Using big data and analytics is essential to building products that work and that customers enjoy using.

Bankruptcy calculators are a great way to provide unbiased information to individuals looking to understand their debt relief options. Bankruptcy requires empathy. Even Dave Ramsey, the finance guru, filed bankruptcy. So, bankruptcy calculators use data and analytics to help people understand their options.  With that being said, it is important to continuously update and tweak the experience in order to create the most useful bankruptcy calculator.

What is a Bankruptcy Calculator?

A bankruptcy calculator helps you estimate Chapter 7 qualification or a Chapter 13 plan payment example. Filing bankruptcy can be an intimidating process, so allowing individuals to understand their qualification on the Chapter 7 bankruptcy means test, as well as an estimate for their Chapter 13 bankruptcy plan payment can help relieve some of the unknown. Not only does it answer any questions that someone may have but it also provides unbiased information to help someone make the most informed decision. A bankruptcy calculator is a web based app where individuals can input their information to see what their debt relief options may be. This then allows them to seek legal advice and guidance from a bankruptcy attorney, like those here, from a more informed standpoint.

How are the Results Presented to the Consumer?

As we strive to provide all of our information in an unbiased manner, we provide all of the pros, cons, cost estimates, as well as timeline for each debt relief option. Some of the main factors to consider when making a debt relief decision are:

  1. Term length
  2. Total cost including any added fees
  3. Credit score impact
  4. Credit report impact
  5. Asset protection
bankruptcy calculator

Sometimes it may not be clear which option may be best, so allow folks to compare their options to help them make the most informed decision. It also shares advantages and disadvantages of bankruptcy and alternatives. It also shows how cheap bankruptcy may be in your area.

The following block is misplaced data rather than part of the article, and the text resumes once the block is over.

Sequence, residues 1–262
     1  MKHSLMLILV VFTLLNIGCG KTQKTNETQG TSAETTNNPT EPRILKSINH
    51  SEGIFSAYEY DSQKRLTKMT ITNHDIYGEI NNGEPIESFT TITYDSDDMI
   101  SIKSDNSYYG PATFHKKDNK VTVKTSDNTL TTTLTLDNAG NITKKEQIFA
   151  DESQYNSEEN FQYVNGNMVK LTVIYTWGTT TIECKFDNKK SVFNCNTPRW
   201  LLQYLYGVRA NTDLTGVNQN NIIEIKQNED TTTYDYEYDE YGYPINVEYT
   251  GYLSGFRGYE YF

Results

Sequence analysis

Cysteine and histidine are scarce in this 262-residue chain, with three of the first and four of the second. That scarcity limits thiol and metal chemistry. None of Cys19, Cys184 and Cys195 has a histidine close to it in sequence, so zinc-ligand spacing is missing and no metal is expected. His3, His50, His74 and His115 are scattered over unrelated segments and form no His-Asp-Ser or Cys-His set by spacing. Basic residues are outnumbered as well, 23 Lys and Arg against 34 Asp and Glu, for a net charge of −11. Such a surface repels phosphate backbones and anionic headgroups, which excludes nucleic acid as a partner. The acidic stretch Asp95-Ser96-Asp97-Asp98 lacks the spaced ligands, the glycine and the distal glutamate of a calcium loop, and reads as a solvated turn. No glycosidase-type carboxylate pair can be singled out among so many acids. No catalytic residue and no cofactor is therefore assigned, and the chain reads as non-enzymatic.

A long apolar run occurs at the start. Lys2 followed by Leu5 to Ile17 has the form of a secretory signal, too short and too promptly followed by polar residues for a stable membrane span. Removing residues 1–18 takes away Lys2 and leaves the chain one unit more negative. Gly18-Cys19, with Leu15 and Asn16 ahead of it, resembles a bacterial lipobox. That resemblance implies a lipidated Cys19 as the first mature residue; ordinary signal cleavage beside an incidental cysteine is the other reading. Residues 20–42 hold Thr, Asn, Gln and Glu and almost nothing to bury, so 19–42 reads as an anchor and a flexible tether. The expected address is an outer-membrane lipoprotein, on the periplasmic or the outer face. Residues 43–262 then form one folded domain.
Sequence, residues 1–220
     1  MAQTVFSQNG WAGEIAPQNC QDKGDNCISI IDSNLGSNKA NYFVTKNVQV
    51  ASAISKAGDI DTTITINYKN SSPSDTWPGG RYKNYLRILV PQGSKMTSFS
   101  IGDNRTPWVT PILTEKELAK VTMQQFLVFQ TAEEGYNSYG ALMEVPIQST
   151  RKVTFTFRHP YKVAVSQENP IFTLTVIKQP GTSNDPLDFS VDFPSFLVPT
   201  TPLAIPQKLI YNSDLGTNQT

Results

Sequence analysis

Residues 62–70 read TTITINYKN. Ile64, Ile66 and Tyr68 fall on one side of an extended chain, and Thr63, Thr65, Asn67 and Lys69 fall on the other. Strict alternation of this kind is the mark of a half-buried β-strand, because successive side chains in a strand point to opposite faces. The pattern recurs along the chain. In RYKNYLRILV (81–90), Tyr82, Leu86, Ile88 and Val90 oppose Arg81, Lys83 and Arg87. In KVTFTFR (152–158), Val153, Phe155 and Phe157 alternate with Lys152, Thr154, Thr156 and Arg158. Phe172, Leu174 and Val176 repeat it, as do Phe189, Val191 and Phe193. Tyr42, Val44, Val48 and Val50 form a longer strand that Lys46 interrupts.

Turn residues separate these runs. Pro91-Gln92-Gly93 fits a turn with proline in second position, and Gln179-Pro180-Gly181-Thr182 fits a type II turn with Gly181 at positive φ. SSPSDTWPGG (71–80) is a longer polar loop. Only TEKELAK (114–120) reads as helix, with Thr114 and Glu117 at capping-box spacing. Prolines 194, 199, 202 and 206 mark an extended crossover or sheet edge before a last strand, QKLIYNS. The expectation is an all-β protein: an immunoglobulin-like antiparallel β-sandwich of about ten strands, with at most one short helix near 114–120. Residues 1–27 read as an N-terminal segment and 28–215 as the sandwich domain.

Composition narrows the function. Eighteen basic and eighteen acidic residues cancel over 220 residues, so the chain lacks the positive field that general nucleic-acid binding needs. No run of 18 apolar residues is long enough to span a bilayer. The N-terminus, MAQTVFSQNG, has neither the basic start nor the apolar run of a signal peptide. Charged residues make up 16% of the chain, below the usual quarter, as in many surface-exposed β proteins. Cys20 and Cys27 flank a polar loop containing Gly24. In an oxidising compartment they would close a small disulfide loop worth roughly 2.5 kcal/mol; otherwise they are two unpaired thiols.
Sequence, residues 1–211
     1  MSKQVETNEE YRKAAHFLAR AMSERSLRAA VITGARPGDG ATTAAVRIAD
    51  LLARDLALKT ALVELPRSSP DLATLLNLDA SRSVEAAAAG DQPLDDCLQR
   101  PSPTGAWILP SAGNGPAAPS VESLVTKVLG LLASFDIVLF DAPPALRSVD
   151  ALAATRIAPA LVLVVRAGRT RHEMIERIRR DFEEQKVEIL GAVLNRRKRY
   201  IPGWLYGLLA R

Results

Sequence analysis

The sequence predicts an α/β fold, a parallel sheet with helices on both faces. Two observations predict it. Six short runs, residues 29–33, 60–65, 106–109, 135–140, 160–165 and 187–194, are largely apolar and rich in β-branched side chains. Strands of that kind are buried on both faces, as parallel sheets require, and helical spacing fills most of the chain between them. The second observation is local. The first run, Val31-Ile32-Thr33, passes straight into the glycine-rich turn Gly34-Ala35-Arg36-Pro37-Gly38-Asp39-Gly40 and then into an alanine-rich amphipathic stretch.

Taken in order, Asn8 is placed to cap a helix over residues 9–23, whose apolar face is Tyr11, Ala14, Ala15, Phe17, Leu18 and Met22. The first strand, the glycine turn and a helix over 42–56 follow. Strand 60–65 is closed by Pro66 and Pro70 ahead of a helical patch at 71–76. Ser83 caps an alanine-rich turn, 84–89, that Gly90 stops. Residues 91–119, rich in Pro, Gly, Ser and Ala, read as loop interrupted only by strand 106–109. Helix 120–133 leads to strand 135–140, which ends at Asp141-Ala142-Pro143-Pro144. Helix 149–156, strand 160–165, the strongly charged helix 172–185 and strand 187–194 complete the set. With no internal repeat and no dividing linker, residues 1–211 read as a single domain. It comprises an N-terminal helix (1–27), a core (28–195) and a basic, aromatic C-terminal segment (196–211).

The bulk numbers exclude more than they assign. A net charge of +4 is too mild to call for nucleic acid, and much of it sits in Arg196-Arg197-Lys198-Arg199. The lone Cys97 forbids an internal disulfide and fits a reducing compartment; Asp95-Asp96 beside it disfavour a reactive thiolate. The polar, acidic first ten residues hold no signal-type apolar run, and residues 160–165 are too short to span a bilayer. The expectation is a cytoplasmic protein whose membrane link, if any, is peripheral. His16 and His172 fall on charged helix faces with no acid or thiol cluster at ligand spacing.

How we used Video Software to Uncover User Experience Issues

Fortunately, there are different types of user recording video softwares that help us analyze user behavior in ways we may have never been able to before. With that being said, we took advantage of this by using FullStory to closely take a look at different ways we could improve our next user’s experience.

How we Improved our User’s Experience

Since we want to provide the most helpful and useful bankruptcy calculator, we took a look at user drop off points, time spent, etc. Sometimes it can be hard to tell what the specific reason may be for a decrease in the number of users taking the calculator. Since we were able to analyze the user’s behavior, we were able to see where the majority of the users were dropping off and update our calculators to be more beneficial to the user.

Not only is drop off rate important to understand, but seeing the amount of time spent on each part of the calculator was extremely helpful to see if there was a part that didn’t make a lot of sense to the user. We are also humans, so we can sometimes draft questions that may not be the most eloquent way to ask something. Given that we may not always compose the perfect question, we can see where users are getting stuck and update questions to be more easily understandable.